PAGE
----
Patricia Lee Stotter
New York City October 30 2001
I make sounds for a living. I hear better than I see.
At 8:39 a.m., September 11th, I was at the gym, sitting on top of a stationary bike, engaged in the clicking spin of a stillborn journey, when I looked up at the television and saw that a plane had crashed into one of the World Trade towers.
The familiar 4/4 of the runners on treadmills played against the fluttering ostinato of conversation and wheel rotation, and as more and more people observed what was happening, it all modulated into a sotto voce choir of disbelief.
I immediately called my husband to tell him the news and to tell him I was coming home. He was recuperating from arthroscopic knee surgery, so he wasn’t at work. He said,” I heard the roar of the plane. Its flight was low and unnatural and I felt the impact.”
I left the gym and stepped onto Mercer Street, with its perfectly framed image of the tower smoking, and stood among the others, silently, looking.
It was silent. It was silent. An audience stood viewing the urban proscenium of death. The people, frozen and staring in the street, looked like some crazy foreshadowing of a Pompeii, waiting for the mud and the dust to take its place upon them. Disbelief. Denial.
The second plane hit.
Shrieks. Moans. Jesus. Oh shit! My God. A guttural burst of tears into coughing. Suddenly news announcers being quoted between strangers-now-intimate, participating in a thanatopic game of telephone. Walk home quickly. Three blocks.
No water in my building. My husband and I go next door. I call the children’s school. They are safe there. It is best to let them have a normal day. I am so in denial, I actually believe at this point that my two children can have a normal day.
Looking through my dear friend and neighbor’s window, which is a knockout cityscape, vertically punctuated by the great downtown buildings, I suddenly realize that I must get my children. Oh my God, what have I been thinking, I must get my children.
My neighbor’s daughter also goes to Grace Church School, so we call again and are told that 1 or 2 parents are coming up. It is our call.” Make that 4 parents. We are on our way.” We are rehearsing. We will be calm. “Yes, it is a terrorist attack, but we are safe, we are juuuust fine.”
I have never been more grateful for my brilliant, funny, generous neighbor, friend, and colleague; we became mothers on the same day, so it seems fitting to make this trip with Linda.
Suddenly everything changes. The air smells different; I feel a percussive shift in the smokiness. The nature of every sound transforms. Everyone is turning. I am not one person I am part of this mass, witnessing.
We turn autonomically. I hear a sound I have never heard before. It is an utterance of horror produced simultaneously by thousands. It is expelled, simultaneous and involuntary, brain stems slamming diaphragms in disbelief and trumpeting despair. Death is in the air. One of the towers has fallen.
I hear the church bells of Grace Church. I am not a member of any church, or any temple. If God lives anywhere for me, it is somewhere between the math and the magic of the architecture of song. So, I hope my kids are held in the gentle embrace of these bells.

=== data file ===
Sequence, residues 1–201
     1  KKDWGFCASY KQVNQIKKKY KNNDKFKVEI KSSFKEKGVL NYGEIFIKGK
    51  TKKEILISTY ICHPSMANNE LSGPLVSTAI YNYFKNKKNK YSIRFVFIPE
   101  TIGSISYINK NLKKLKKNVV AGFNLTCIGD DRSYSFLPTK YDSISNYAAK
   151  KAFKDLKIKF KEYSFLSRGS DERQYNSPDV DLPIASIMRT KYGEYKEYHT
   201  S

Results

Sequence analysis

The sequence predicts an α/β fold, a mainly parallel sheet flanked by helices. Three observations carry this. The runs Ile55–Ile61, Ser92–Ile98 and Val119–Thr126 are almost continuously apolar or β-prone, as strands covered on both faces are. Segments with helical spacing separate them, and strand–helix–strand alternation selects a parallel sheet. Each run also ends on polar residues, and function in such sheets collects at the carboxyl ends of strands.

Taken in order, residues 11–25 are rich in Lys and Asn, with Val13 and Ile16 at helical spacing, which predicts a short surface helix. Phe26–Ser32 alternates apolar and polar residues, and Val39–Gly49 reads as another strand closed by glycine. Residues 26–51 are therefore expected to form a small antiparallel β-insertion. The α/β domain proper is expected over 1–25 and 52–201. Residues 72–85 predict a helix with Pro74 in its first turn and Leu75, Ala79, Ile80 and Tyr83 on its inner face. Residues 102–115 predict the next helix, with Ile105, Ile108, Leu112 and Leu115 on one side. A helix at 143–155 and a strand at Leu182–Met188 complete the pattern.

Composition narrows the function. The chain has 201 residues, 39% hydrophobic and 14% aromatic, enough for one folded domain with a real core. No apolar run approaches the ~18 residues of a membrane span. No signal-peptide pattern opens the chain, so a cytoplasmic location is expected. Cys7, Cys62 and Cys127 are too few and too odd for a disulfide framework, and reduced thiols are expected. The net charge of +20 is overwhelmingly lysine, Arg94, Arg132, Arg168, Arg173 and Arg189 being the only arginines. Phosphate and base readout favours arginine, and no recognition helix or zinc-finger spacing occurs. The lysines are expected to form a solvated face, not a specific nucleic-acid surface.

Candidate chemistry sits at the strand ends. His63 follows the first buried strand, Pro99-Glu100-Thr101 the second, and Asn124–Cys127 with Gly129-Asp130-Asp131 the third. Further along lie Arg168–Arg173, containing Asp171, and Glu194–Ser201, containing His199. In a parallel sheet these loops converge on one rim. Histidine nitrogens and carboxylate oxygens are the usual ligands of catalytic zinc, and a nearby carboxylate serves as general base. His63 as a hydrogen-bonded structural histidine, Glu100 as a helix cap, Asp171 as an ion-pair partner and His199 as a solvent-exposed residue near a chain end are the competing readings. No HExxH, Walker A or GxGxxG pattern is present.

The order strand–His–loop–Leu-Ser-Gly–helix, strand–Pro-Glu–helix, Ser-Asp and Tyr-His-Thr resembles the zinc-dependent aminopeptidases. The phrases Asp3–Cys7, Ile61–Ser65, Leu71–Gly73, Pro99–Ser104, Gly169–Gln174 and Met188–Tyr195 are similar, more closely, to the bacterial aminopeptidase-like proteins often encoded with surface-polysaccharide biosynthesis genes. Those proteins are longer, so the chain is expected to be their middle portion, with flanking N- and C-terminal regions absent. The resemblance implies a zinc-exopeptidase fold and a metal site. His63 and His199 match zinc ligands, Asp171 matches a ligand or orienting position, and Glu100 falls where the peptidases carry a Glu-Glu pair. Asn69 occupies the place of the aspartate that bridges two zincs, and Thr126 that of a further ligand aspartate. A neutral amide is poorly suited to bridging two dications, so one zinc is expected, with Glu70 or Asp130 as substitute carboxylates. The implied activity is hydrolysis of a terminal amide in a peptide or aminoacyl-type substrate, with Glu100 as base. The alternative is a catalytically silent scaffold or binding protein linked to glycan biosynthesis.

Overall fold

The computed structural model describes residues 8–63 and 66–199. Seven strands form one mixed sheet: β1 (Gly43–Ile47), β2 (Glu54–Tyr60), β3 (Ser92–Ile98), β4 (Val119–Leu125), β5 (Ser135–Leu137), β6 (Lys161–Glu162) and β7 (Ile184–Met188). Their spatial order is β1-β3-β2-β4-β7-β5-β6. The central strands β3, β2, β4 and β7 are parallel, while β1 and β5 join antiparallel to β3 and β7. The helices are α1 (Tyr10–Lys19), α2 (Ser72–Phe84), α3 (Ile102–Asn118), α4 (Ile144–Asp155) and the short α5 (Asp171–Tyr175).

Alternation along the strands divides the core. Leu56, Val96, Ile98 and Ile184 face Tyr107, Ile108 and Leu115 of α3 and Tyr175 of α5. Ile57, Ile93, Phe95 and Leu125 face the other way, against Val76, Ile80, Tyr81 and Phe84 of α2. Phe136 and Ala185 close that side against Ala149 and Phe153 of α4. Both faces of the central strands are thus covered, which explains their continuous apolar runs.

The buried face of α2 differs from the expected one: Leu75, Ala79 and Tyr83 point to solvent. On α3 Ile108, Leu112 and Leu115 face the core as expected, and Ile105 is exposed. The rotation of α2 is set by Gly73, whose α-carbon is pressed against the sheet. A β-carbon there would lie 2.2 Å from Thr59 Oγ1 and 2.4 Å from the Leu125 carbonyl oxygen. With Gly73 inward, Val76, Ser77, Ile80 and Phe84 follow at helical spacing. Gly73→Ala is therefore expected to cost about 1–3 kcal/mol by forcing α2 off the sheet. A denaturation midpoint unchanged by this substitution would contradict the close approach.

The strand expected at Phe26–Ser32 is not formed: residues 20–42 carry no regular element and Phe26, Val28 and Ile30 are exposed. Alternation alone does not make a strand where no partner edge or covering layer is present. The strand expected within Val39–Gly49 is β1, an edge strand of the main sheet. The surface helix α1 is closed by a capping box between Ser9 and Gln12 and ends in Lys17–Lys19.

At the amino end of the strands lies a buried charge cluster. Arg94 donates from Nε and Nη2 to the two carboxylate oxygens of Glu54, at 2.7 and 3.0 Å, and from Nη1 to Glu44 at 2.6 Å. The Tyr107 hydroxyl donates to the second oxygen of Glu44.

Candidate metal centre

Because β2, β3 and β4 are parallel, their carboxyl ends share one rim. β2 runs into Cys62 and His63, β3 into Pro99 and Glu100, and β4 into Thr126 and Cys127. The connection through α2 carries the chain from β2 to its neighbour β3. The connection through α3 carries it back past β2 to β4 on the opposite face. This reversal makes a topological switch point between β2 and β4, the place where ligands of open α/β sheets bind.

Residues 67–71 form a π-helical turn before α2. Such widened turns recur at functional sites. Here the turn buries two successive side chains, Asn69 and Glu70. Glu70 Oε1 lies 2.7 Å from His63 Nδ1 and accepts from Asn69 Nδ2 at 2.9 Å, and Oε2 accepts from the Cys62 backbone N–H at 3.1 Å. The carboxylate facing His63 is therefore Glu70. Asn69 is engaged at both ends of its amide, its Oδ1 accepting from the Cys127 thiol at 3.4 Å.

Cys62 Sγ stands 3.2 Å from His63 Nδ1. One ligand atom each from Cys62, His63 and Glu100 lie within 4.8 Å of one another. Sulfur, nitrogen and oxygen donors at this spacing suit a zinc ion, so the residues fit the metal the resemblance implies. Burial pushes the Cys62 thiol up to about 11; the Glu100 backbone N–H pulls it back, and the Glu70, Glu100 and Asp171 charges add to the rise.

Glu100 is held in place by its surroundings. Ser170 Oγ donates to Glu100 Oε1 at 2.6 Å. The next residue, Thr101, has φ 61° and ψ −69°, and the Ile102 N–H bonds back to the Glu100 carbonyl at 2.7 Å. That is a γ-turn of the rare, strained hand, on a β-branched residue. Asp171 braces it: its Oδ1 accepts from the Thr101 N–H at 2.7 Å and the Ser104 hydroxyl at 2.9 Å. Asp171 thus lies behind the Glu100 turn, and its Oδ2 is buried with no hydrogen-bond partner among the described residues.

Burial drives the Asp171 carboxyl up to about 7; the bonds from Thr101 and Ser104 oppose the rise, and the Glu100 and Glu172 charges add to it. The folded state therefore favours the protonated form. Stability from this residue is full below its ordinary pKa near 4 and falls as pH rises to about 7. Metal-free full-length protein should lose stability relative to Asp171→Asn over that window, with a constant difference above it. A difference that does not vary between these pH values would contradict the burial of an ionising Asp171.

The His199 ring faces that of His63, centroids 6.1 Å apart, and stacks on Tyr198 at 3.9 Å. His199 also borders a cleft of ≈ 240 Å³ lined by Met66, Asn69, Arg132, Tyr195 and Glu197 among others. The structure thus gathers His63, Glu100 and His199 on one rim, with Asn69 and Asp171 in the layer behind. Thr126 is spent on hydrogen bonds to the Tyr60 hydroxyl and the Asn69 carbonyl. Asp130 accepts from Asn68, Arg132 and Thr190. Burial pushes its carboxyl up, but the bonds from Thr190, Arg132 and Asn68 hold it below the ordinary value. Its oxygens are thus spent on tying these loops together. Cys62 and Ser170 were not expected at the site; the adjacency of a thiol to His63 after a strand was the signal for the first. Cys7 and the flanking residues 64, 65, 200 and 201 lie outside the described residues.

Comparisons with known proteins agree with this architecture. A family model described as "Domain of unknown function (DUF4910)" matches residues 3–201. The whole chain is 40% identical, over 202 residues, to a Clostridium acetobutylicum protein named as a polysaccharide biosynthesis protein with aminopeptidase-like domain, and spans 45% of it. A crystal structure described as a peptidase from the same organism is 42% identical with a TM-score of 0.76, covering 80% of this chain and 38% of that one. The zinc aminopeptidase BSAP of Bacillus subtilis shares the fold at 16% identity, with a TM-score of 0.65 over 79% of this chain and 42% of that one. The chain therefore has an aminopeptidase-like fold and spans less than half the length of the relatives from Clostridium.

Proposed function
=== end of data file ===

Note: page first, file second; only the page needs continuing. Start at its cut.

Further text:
Linda and I wait 15 minutes for our three children to be brought to us. The other parents waiting in the quickly-filling lobby are in shock, as are the children delivered, one by one, with care, to us. The bells of Grace Church keep tolling. I focus on the bells. I try to act normal— whatever the hell that means on the day flying bombs slam into the world trade towers—and I attempt to keep my kids calm while saying, “Linda and I are so thirsty. Just in case the stores close or something let’s buy a whole bunch of water. How many can you hold, Casey?” We duck into a deli. We buy 12 gallons of water.
Returning to the street heading downtown towards home, we are met by the mass of people, dust-covered, moving up Broadway in flight from their date with Hell. They are startled. It is a score of failed language. The street is jammed: polyphony of crying, coughing, and muttering. A man on a scooter pushes himself up Broadway shrieking “We are done for. I am dead.” And then a string of expletives. I explain to my kids that these times bring out craziness and as they can plainly see he and we are still quite, quite alive.
And then it happened. More mass. Hundreds and hundreds of adults, desperate to get north, to get home, to touch their loved ones, to see their dogs, to pat their cats, to hold their kids, to listen to their radios, to watch their TVs, to wait for the rings of their telephones, to get somewhere else, these people, these desperate, sad, stunned, hurting people who had watched people holding hands jump to their deaths, who had stepped over hands and hair and shoes, who had breathed in the smoke and the loss and the fear, these people parted for me and my friend and our three beautiful, clean children. They carefully moved aside and smiled gently to protect these children with their mothers from as much of the horror as they could.
I saw suddenly how many people were helping each other. I saw that my kids had handed our bottles of water to dust-covered, desperate, smiling strangers. I heard Linda say, “This is the most wonderful city in the world. When times get tough, we New Yorkers really pull together and help each other out.” Our stunned children agree and feel very proud to be New Yorkers.
We return to the 10th floor safety of Linda’s loft and watch our worlds fall apart through her window.
© Patricia Lee Stotter